Thomas Edison Accomplishments

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Thomas Edison
The Wizard of Menlo Park

Thomas Edison once quoted, “I haven’t failed. I’ve just found 10,000 ways that won’t work.” Whether known as a persistent believer, brilliant inventor, or just a pure genius, Thomas Edison changed the world, and this can definitely be seen in his creative ideas and his ability to make them come alive, including but not limited to the light bulb and telegraph. He left a legacy as an imaginative inventor.
Thomas Edison was not only an accomplished innovator during his adult years, but also when he was a kid. As a child, Edison was inquisitive and eager to learn new things. He loved to read during his spare time. He even began expressing early interest in building things! However, despite his exceptional
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Because early telegraph messages were written in Morse code, which was inscribed on a piece of paper, Edison’s partial deafness raised no barrier. (cx) However, later in his telegraphy career, receivers were increasingly being provided with sounding keys, which left Edison seriously disadvantaged. At age 21, Edison decided to try out his luck in Boston, and he ended up with a job at Western Union Company (Venezia 17). (cd) Aside from his job, Edison progressed tremendously with the duplex telegraph and printer in his spare time. These accomplishments motivated Edison to quit his job and dedicate himself to full-time inventing. Instead of a solo entrepreneurship, Edison associated with other fellow inventors. In order to create the Edison Universal Stock Printer, Edison worked with Frank L. Pope, a noted electrical expert (Britannica). Edison later wrote a short report explaining telegraph systems. Due to Thomas Edison’s significant refinements, the telegraph was improved…show more content…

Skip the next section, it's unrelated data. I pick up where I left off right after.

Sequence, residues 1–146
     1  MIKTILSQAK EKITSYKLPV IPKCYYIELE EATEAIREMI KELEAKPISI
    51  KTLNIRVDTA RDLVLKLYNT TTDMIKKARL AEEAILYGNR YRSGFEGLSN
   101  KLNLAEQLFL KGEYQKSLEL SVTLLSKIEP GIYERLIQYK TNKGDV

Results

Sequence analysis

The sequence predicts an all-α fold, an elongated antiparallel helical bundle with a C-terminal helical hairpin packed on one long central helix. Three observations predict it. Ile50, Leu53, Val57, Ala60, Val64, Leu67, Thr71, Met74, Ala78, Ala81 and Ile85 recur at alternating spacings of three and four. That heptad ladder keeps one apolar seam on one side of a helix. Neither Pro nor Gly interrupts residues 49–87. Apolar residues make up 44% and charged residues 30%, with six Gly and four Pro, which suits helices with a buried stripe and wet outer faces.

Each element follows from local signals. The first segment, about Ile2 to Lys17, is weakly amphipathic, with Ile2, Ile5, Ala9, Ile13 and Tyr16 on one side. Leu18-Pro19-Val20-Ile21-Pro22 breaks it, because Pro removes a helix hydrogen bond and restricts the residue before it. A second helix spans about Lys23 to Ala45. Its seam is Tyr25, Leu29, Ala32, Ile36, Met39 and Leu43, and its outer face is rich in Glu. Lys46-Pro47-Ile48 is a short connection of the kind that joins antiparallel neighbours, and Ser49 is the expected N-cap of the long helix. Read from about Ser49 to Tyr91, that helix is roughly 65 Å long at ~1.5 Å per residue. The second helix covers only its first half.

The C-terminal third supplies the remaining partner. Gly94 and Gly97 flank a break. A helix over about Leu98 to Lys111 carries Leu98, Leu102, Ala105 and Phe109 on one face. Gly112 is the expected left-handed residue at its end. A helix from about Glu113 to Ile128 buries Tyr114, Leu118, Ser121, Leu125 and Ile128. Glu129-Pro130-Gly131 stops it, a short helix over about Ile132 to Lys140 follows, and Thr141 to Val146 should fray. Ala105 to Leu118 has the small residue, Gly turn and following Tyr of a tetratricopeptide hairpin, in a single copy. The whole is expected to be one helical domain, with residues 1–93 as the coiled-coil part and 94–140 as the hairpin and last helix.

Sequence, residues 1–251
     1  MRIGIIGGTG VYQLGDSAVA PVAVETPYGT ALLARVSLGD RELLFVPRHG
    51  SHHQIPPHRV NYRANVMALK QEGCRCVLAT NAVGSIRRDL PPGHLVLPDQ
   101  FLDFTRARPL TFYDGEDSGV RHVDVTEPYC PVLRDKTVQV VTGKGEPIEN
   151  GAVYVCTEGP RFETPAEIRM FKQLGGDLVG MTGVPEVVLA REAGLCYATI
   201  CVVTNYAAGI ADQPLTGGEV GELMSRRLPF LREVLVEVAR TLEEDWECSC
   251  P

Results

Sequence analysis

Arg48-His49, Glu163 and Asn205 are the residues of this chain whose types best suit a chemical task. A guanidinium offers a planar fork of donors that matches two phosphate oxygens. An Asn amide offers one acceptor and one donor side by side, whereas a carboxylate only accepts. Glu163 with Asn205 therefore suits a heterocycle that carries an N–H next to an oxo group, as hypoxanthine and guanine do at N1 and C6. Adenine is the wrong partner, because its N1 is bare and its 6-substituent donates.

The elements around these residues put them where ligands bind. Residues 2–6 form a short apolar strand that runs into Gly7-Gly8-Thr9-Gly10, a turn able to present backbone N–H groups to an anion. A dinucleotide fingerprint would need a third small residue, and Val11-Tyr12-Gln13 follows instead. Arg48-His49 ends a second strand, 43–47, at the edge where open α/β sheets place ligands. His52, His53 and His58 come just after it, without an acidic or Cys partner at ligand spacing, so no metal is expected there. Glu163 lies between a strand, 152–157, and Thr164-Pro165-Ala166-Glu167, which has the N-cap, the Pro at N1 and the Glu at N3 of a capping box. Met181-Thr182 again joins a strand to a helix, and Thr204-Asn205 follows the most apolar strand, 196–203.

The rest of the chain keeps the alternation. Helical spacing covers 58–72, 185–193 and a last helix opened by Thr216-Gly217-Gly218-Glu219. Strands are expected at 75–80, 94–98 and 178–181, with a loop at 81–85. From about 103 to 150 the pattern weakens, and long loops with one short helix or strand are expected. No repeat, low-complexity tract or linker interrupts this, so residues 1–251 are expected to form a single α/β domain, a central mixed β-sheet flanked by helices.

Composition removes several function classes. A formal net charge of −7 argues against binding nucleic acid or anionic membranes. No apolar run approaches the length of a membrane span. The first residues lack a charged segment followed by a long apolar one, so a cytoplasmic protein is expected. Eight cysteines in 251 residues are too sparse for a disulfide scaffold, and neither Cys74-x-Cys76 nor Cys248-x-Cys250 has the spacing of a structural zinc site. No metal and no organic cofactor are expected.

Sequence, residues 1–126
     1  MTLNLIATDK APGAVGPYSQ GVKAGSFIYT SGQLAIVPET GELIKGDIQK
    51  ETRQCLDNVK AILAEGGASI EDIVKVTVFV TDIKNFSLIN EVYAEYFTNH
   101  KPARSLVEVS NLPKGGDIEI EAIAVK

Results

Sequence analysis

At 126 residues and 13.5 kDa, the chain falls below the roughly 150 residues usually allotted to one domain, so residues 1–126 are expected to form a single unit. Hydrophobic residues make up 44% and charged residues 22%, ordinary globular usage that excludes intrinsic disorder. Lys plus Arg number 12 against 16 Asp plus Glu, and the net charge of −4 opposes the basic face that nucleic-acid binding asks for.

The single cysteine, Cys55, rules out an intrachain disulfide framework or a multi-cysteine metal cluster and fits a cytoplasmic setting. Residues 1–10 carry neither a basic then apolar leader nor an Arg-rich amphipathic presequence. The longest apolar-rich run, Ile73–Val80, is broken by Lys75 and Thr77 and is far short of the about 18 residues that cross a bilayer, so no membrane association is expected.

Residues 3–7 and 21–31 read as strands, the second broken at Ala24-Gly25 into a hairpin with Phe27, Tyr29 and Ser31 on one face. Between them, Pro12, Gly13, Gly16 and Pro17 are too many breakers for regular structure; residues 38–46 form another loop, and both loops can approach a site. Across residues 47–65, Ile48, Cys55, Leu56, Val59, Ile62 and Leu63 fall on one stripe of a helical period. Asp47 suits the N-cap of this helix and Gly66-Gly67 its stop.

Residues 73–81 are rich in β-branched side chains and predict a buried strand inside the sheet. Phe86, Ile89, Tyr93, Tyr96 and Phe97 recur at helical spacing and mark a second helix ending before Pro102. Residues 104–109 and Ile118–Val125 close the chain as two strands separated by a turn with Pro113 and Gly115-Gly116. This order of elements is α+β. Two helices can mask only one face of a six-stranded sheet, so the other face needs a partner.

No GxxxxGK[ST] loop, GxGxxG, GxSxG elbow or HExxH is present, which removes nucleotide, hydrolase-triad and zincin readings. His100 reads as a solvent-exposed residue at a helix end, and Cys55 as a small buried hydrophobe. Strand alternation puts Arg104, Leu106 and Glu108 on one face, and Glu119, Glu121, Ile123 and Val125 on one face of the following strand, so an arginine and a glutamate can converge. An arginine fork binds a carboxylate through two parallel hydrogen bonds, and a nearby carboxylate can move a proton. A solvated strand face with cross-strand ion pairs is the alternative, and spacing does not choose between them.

The only source of electricity before Edison were primitive batteries, so he decided to develop a company that would deliver electricity. He named it the Edison Illuminating Company that later became General Electric Corporation. (cx) On September 4, 1882, Pearl Street generating station provided electricity to 59 customers, and around 800 lights began to glow ( (cd) Edison’s incandescent lighting systems were also used in the 1881 Paris Lighting Exhibition and the Crystal Palace in London, in 1882 ( Thomas Edison made the light bulb usable, efficient, and long-lasting. Prior to the light bulb, people burned lamp oils or used manufactured natural gas to generate light. The three main contributing factors to Edison’s incandescent light bulb were a durable incandescent material, elimination of air from the vacuum, and a filament materials of high resistance. Edison spent over a year testing appropriate filament materials. In the end, he ended up using carbonized Japanese bamboo as filaments. In 1879, Edison was granted a patent for the light bulb ( Thomas Edison
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